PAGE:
By David Kiger
The search for funding to get a small business off the ground can be a complex and frustrating experience. But we’ve moved well beyond the days of a bank loan being the only way to do it.
One of the more talked about methods of raising money is crowdfunding, in which a prospective owner lays out the plan of the business and then seeks online donations. In the primary forms of crowdfunding, those who donate can receive some sort of reward for their donation (products, discounts, recognition), or equity in the company (like the concept used in ABC’s investor program Shark Tank).
There can be significant advantages here, as Adam Heitzman writes for Inc.com: “With crowdfunding, you don’t have to find the perfect investors or figure how you’re going to appeal to the people you’re about to meet. All you need to do is find like-minded people to donate a little bit of money.”
It can also be a complicated process to navigate. Here are a few tips to presenting a business idea and following through the crowdfunding process.
Get early feedback
Prior to making a crowdfunding pitch, it is essential to seek the input of others. Jordan Kasteler describes “the planning before the planning,” in a story for Inc.com, including testing the product idea “with real people — even if it’s just a handful.” This kind of feedback can be an early indication of interest, or “save you from putting months into a campaign only to miss the mark with your key audience.” Among his tips:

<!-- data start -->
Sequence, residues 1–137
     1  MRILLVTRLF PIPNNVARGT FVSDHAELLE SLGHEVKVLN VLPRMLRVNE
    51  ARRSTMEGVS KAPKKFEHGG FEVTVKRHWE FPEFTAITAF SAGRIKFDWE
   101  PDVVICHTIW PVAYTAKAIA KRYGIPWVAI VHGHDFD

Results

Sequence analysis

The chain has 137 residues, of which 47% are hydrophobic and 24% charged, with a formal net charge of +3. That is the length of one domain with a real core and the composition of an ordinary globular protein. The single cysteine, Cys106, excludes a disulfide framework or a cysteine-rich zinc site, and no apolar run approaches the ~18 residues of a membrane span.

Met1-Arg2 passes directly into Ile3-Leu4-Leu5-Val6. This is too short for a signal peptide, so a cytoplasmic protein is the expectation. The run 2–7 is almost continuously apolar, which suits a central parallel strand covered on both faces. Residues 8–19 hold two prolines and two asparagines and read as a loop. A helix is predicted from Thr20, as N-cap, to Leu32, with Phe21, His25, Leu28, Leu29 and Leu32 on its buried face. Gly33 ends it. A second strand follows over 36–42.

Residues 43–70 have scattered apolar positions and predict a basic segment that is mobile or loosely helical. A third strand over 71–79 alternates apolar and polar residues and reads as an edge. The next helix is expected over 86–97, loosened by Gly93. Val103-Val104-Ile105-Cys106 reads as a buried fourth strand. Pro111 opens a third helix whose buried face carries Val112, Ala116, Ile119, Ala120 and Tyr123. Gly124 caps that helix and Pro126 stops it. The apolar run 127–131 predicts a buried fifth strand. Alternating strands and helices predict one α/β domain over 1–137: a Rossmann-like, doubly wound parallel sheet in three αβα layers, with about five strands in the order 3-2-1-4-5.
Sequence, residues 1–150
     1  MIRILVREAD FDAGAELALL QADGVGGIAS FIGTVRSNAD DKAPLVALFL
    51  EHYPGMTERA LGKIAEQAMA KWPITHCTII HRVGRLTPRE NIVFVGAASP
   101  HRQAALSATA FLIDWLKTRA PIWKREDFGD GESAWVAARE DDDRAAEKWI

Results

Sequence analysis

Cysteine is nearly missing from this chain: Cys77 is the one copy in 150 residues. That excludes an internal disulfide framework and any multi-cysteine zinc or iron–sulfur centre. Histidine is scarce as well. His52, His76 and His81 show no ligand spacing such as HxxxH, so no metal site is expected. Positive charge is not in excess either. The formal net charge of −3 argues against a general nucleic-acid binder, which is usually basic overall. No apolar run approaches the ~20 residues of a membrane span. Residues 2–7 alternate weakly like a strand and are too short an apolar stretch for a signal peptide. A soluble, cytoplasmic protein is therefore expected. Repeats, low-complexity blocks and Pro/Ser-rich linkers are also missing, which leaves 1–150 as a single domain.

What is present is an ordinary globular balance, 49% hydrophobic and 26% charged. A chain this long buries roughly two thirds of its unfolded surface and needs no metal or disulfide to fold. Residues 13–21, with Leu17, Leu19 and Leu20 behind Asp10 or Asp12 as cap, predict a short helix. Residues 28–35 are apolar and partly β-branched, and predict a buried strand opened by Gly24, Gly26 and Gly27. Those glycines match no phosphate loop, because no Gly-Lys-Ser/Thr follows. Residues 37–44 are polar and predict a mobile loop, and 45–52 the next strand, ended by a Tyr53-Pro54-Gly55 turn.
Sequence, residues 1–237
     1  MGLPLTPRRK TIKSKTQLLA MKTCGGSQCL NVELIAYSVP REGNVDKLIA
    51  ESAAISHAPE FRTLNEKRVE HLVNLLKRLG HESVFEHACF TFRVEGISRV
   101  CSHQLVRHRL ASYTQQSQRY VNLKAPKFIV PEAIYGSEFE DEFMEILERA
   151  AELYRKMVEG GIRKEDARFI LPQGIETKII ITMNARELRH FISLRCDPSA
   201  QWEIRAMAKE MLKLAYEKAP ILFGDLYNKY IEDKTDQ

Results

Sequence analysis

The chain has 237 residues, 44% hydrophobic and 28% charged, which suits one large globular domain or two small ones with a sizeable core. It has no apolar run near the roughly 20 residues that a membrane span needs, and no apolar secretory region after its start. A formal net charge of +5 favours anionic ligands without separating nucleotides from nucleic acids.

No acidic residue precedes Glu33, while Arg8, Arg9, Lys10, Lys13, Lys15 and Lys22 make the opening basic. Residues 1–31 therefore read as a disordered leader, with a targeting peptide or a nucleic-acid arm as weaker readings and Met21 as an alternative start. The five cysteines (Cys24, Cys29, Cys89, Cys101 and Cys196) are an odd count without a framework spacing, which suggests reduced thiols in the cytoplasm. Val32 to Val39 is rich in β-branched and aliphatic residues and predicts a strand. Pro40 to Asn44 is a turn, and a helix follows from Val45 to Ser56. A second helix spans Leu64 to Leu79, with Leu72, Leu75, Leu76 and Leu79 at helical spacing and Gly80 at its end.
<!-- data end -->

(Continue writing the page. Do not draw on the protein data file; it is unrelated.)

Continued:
- “Ask for feedback from people who are not friends or family. Explaining your product at networking events can help you gauge real interest.”
- “Present a problem and explain how your product solves it. Do people’s eyes light up?”
- “Note what type of people seem interested. Is it a certain demographic over and over? What made them interested?”
Know the goal
It’s a big question: How much money is needed? Since different crowdfunding sites have different requirements, determining that magic number is vital. Underestimating the amount may sell the idea short. Overestimating it may prevent a campaign from succeeding. Thomas Smale explores this in a story for Entrepreneur.
“… It’s important to think about how much money you need to get your business up and running, and how many people you know that would be willing to pledge. Although you may attract the attention of new people with your campaign, most of your support is going to come from those who already know you. Be realistic. Also, keep in mind that you can’t change your funding goal once you’ve initiated the campaign.”
Research the various platforms
Some crowdfunding sites generate more buzz than others. Kickstarter, for instance, was an early standout. But others may be better suited for various startups, and have different results if a financial target is not met. A prospective business owner should dive into a detailed analysis of the available options, as William Johnson writes for Smallbiztrends.com.
“The success of your campaign, to a great extent, depends on the crowdfunding Go to the full article.
Source:: Business 2 Community